Paths into Research: Fiction Seminar

Updated: Jan 26

Laura Hopes


Fiction Writing Assignment

This week’s writing assignment: think of any work of fiction which you might refer to or has been useful to your own research or understanding. What does this piece of writing do for your understanding that maybe has not emerged in other theory/criticism? Remember that le Guin describes the story as being able to carry meaning – as a medicine bundle, in a particular, powerful relation to each other. e.g. building atmosphere, travelling in time, inducing sympathy, introducing multiple voices, lacunae, unreliable narrator, conversations, chapters Using some of the techniques deployed

A Battle of Two Voices…

Vaslav Nijinsky, super-heroic, falls from the conflict between himself and Sergei Diaghilev.

Vaslav Nijinsky V. Sergei Diaghilev

Nijinsky - As he flew, so he grew, soaring great heights that no other could achieve.

Diaghilev - Such dizzying heights just to fall and then crash.

N - Like the trail of an icy comet that flew near to the sun he revealed the train of his talent to this world.

D - In such a short time he burnt out… like the comet… like Icarus.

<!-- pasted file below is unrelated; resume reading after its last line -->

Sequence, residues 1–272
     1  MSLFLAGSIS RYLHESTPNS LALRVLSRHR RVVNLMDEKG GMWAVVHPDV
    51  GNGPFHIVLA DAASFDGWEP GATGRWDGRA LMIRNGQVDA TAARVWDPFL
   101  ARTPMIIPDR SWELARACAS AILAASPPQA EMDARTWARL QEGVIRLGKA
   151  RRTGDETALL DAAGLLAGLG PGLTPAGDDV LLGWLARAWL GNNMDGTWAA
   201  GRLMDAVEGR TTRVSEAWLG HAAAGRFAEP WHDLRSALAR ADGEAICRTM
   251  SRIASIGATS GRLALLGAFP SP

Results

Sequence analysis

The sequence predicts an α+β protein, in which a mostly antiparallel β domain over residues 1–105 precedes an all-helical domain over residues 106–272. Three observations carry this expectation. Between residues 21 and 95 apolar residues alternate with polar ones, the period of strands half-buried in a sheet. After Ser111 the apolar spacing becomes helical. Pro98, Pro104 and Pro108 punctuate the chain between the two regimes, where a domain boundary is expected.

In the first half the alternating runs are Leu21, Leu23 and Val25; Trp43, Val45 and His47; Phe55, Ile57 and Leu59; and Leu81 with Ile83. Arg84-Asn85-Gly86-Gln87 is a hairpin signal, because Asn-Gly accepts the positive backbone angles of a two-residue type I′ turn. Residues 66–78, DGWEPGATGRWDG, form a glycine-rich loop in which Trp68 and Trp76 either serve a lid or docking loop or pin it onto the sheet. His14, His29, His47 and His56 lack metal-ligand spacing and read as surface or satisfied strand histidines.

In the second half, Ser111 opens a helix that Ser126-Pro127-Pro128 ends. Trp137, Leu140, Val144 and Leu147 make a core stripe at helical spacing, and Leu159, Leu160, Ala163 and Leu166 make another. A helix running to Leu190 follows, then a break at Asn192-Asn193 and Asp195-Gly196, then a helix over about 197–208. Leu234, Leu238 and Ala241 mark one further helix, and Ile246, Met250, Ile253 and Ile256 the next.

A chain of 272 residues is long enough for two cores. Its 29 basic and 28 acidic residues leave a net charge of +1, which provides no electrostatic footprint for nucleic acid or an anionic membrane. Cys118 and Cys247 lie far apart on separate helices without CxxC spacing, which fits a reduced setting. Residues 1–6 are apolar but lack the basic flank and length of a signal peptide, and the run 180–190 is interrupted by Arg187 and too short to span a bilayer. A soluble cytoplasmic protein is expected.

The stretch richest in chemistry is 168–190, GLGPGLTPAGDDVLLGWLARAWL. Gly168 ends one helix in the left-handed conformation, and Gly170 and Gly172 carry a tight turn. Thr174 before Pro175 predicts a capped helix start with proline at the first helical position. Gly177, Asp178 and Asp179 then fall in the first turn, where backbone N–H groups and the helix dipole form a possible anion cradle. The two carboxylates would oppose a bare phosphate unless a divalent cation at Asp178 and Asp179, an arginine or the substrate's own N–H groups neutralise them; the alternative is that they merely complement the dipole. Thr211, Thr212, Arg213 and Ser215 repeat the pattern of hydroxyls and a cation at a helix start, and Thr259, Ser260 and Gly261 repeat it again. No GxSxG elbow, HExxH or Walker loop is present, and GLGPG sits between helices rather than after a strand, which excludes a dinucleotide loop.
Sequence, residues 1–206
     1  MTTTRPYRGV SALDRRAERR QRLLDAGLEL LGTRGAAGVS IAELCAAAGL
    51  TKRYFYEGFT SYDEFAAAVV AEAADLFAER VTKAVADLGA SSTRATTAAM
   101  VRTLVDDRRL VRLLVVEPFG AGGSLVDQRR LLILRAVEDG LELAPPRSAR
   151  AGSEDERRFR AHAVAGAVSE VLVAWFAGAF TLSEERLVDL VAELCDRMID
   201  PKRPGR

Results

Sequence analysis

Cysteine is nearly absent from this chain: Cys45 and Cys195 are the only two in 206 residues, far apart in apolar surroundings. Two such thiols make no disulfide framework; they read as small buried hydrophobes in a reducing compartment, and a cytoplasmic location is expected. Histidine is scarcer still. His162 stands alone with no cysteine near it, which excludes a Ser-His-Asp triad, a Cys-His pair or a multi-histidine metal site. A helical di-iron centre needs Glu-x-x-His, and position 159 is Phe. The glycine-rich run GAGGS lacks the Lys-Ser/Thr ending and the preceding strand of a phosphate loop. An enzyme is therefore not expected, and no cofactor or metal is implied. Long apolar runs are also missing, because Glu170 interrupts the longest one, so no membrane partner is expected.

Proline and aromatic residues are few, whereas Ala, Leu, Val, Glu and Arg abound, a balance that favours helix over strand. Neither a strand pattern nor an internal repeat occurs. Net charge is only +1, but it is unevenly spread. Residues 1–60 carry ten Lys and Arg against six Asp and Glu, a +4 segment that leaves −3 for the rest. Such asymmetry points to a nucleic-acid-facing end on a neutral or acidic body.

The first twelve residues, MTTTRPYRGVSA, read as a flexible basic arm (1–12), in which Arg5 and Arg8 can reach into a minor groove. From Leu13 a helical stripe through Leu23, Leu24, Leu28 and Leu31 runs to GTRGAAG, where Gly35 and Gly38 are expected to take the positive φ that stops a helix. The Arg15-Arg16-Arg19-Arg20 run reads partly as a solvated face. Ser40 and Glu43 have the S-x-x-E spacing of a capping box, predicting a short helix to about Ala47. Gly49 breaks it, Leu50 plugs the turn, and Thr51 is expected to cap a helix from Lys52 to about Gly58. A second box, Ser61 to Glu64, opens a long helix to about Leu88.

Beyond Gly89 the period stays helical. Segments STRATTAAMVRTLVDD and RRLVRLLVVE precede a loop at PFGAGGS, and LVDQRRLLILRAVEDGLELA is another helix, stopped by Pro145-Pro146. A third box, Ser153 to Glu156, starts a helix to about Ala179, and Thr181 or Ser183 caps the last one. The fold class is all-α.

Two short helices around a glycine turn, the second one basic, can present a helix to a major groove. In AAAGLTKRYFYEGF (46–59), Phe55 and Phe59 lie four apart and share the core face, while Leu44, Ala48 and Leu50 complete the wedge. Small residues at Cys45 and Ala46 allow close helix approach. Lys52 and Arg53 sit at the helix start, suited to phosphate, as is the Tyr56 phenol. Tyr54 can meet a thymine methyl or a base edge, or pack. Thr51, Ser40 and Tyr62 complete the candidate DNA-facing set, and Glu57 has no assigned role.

N - He appeared virtually super-heroic within his ability to exemplify his talents - talents beyond the capabilities of ordinary people.

D - And how fragile he became, like a wild bird with its wings clipped.

N - Movement was his means of communication, not words.

D - Finally silenced and no one really knows, or cares, why.

N - Adored was he then in the height of his leaps, and adored he is still now.

D - But that wasn’t enough, it was never enough.

N - He was celebrated then as the greatest dancer of his time and still is to this day.

D - But this wasn’t enough, nothing was ever enough.

N - His political views were to be kind to everyone.

D - But this didn’t save his soul.

N - He spoke simply.

D - But without affection.

N - His soul is sick, he is incurable.

D - Such beauty turned inward.

N - He wanted to be understood by feeling.

D - Yet his feelings remained misunderstood.

N - He was man and not God.

D - Yet thought he was God and not man.

N - His madness was his love toward mankind.

D - Was this the love that then turned to hate.

N - He was not God, not man but a beast and predator.

D - He was not a beast nor predator nor God nor man.

N - He started to dance like God.

D - To then think he was God.

N - He understood what an artist is because he was an artist himself.

D - And that understanding turned in and destroyed him.

N - His sickness was that of the soul not of the mind.

D - Fragile he became from this sickness of the mind and not of the soul.

N - He knew how to suffer.

D - He knew how to make all around suffer.

N - He felt the Earth.

D - But that wasn’t enough.

N - The greatest dancer of his time.

D - But still this wasn’t anywhere close to enough.

N - Who did this terrible thing to me?

D - What did this terrible thing to him?

To be continued...

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